Nov 3 (Reuters) – Democratic New Jersey Governor Phil Murphy narrowly fended off an election challenge from Republican former state lawmaker Jack Ciattarelli, returns showed on Wednesday, a day after polls closed in a race that proved an unexpected nail-biter for the incumbent.
Murphy, 64, became the first Democratic governor in four decades to win re-election in New Jersey, even though registered Democratic voters outnumber Republicans in the Northeast U.S. state by more than 1 million.
Unofficial returns posted by the Associated Press and cited by the New York Times and several other media outlets calling the race for Murphy showed him clinching 50.03% of the vote, compared with 49.22% for Ciattarelli, with 90% of ballots counted.
Murphy has presided over a political shift to the left in the state, including new taxes on millionaires, tougher firearms restrictions, a higher minimum wage and paid sick leave. He has also defended his robust public health measures aimed at curtailing the coronavirus pandemic, which emerged as a key point of contention in the race.
Ciattarelli, 59, who had trailed Murphy by up to 10 percentage points in some opinion polls, capitalized on widespread unpopularity with Murphy’s aggressive mask requirements for schoolchildren.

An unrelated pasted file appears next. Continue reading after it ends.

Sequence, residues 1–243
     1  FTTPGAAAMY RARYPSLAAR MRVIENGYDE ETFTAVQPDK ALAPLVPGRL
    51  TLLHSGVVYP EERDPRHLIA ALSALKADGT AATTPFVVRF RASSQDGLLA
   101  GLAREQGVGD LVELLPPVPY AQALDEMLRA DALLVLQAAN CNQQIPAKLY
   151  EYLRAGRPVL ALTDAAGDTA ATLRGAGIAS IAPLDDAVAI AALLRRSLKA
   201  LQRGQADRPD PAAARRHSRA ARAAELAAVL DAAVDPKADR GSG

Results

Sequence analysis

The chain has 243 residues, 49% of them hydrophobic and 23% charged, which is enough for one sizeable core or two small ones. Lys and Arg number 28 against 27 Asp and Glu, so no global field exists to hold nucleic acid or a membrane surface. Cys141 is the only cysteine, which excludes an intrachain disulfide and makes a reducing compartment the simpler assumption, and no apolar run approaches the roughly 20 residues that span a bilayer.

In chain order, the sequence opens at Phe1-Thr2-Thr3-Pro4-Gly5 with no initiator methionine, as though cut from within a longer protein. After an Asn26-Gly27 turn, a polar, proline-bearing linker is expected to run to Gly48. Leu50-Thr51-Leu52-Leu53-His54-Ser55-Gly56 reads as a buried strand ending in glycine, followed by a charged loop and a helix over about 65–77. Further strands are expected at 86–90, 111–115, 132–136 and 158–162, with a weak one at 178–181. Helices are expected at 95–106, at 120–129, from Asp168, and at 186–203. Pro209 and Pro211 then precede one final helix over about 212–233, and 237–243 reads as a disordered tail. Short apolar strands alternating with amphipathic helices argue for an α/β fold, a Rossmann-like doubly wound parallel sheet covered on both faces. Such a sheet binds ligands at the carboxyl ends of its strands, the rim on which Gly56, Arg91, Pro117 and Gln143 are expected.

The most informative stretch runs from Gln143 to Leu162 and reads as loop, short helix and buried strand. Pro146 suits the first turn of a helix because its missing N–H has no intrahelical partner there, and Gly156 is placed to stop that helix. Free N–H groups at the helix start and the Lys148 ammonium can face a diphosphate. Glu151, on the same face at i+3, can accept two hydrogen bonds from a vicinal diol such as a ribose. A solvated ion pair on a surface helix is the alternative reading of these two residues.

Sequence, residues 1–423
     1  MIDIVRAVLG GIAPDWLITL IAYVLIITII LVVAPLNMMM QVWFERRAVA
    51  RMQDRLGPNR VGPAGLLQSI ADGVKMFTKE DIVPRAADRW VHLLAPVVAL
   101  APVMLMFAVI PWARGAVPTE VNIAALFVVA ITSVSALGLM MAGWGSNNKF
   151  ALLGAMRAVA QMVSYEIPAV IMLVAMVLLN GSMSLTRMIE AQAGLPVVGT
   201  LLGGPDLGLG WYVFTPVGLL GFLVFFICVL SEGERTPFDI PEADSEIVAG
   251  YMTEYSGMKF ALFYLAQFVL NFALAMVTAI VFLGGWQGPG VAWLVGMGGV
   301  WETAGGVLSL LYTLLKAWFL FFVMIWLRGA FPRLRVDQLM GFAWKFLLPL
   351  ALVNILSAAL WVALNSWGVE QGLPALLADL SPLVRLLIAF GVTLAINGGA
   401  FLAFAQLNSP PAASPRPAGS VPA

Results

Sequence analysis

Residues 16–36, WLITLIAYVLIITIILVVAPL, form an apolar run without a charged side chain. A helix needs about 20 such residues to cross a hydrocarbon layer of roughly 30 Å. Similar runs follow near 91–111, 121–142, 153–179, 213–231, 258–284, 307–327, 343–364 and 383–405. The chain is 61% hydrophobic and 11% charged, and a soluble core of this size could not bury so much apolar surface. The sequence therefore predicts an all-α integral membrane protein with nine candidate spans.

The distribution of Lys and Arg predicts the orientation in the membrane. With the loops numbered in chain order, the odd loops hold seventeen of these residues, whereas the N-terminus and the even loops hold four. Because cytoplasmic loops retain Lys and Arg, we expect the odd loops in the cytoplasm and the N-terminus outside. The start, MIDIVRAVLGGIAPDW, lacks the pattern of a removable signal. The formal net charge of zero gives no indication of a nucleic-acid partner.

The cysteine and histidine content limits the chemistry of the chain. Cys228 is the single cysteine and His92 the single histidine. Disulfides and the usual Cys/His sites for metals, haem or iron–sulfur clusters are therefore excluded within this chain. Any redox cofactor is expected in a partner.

The Republican had also focused much of his campaign on the state’s high taxes, while accusing Murphy, a wealthy former Goldman Sachs executive, of being out of touch with the electorate.
New Jersey has trended steadily Democratic in recent years. The party won 10 of the state’s 12 U.S. House of Representatives seats in 2020, and President Joe Biden carried the state over then-President Donald Trump last year by more than 15 percentage points.
Still, Ciattarelli’s unexpectedly strong performance in New Jersey, and a Republican victory on Tuesday in Virginia’s hard-fought gubernatorial race spelled trouble for Biden’s party heading into next year’s congressional elections. read more
Murphy trailed overnight in the returns but squeaked into the lead on Wednesday morning as the tabulation of the vote unfolded in several heavily Democratic counties.
Reporting by Joseph Ax in New York; Additional reporting by Daniel Trotta and Steve Gorman; Editing by Peter Cooney
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